The area encompasses several advantages for remaining energized in the event of an emergency. First among these is a 30-MW oil- or natural gas-fired combustion turbine that anchors the project. Customer-owned resources around the microgrid, including five solar photovoltaic installations totaling just over 300 kilowatts, could supplement operations. Nearby thermal energy storage — the electrical equivalent of nearly 500 kW for 6 hours — could account for roughly 3,000 kWh of load shed.

The thermal energy storage stems from several District Energy plants that already provide low-cost, reliable and efficient heating and cooling to enhance economic development of the community in Lincoln. This thermal energy system allows one plant to build ice overnight which is used to supplement traditional cooling systems in the afternoon of the next day.

And, though likely unable to connect in parallel with the microgrid’s anchor generator, multiple customer-owned diesel backup generators could still be used to defer load during peak times, further adding to the area’s potential as a community microgrid.

Despite the system’s synergy with a microgrid in that area, along with the long list of potential benefits it presented for LES’ customer-owners, LES’ community microgrid concept was initially judged impractical.While the pieces were there and the microgrid’s proposed primary generator was capable of black start and islanded operation in an isochronous mode, manually switching the distribution system to isolate and serve just the critical facilities within the area would be too cumbersome. Alternatively, LES staff also found it would be cost prohibitive to provide the level of automation required to speed up the switching process. With that, the project was put aside, but only for a moment.

Implementation

The ability to independently operate critical facilities as an island when the grid is down simply held too much value to sit idle for long though. Two years later, in 2018, the microgrid concept was revived with one simple, yet crucial, change in methodology. Instead of attempting to isolate and restrict service to only critical facilities in the downtown area, the microgrid would serve nearly all the load within a finite perimeter.

While this change in approach may limit the total load potential for critical facilities, the simplicity of the design was more than able to address the switching issues that previously 
rendered the project unworkable.

The area typically serves the following loads that could potentially be critical during disaster recovery efforts:

  • City, county, state and federal government facilities, including the city police department and county sheriff.
  • The Pinnacle Bank Arena — 15,500-seat indoor arena in the West Haymarket District 
    of Lincoln — which could potentially serve as an emergency staging area during catastrophic events.
  • District Energy heating and cooling plants that serve most of the facilities above.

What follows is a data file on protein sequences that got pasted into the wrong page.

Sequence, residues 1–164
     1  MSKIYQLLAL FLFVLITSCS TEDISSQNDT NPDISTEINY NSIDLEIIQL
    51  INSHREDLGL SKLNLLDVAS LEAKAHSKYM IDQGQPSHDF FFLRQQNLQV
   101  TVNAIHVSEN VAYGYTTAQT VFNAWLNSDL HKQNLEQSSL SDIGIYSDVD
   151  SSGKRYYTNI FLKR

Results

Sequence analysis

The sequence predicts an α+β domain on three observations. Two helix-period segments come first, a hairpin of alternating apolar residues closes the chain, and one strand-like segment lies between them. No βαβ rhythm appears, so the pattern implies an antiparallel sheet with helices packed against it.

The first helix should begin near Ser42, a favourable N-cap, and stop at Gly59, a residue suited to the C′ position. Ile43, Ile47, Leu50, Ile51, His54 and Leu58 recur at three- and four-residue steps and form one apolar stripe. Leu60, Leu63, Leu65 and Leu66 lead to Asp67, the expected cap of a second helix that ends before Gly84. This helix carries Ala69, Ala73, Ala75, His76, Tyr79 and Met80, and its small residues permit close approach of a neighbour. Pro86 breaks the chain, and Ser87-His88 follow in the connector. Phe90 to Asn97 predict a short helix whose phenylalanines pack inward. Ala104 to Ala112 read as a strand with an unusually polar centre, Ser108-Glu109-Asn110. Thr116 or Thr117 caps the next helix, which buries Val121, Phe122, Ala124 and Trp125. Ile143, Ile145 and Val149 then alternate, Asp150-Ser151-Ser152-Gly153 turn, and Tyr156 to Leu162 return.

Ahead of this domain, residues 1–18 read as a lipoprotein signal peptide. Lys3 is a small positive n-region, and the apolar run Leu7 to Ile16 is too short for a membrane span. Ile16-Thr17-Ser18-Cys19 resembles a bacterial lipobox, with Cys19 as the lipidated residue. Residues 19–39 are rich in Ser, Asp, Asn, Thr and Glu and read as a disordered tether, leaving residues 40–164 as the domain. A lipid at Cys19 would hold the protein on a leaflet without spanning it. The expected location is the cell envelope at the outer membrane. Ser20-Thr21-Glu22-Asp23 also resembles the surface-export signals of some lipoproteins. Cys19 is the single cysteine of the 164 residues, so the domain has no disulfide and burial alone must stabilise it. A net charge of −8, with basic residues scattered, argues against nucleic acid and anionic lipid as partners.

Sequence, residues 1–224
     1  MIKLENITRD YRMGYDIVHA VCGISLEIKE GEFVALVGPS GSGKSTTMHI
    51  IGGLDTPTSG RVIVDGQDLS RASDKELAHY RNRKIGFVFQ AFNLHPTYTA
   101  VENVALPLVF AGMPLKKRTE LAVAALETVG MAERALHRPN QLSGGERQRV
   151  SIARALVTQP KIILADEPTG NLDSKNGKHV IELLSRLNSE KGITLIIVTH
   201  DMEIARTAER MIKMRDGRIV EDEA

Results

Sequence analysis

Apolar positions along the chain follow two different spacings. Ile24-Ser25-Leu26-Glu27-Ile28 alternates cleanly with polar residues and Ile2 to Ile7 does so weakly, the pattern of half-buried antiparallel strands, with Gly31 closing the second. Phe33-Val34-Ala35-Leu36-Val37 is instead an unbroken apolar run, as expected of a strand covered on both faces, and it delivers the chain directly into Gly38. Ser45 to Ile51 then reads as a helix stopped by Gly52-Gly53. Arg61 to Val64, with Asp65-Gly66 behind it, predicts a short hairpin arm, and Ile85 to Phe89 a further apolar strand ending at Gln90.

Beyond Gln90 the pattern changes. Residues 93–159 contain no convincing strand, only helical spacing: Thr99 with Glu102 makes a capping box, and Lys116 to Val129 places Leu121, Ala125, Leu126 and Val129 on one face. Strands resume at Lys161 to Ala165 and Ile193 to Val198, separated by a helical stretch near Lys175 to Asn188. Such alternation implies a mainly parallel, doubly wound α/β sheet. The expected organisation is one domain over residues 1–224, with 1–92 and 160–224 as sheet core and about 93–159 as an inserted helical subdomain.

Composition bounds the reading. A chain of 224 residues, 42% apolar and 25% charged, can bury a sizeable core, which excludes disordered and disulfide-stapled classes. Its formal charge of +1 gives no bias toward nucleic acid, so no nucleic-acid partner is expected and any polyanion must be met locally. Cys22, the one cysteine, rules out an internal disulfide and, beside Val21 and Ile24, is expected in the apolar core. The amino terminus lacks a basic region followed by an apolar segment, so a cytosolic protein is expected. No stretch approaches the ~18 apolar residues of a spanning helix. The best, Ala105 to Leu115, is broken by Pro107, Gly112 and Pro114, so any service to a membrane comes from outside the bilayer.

Although not as critical to government function, the area also includes valuable community support infrastructure, including a radio tower, which could be operated locally to support emergency communications, a small grocery store, a small pharmacy and multiple gas stations.

LES used two 5-MW load banks to perform testing on the microgrid’s anchor generator in the fall of 2020, confirming its ability to operate independently from the rest of the electric system while picking up large portions of load. With that confirmation, LES’ community microgrid was declared in service.
After completing load bank testing to support the microgrid, LES staff opted to begin testing all of the utility’s local generating stations to ensure their operations during system recovery efforts.

Onboarding Energy Storage

To further support the microgrid, LES issued an open request for proposals for a battery storage system to be located in the area. LES had been looking to do a small energy storage project and siting it within the microgrid provided another benefit stream to help justify a pilot. The storage system would be contracted under a power purchase agreement.

In June 2023, LES executed a contract with Wattmore, a Colorado-based clean technology and renewable project development company. The 3-MW, 4-hour battery they proposed is scheduled to be installed in downtown Lincoln by 2025.

When not supporting the microgrid, LES anticipates the battery being used to provide additional system benefits, including load-related energy arbitrage and ancillary services.
Bringing a battery storage project onboard would strengthen the LES microgrid while supporting transmission and distribution system reliability by deferring load during peak periods.

Scott Benson ([email protected]) is manager, Resource & Transmission Planning, at Lincoln Electric System.

Kelley Porter ([email protected]) is manager, Customer & Corporate Communications, at Lincoln Electric System.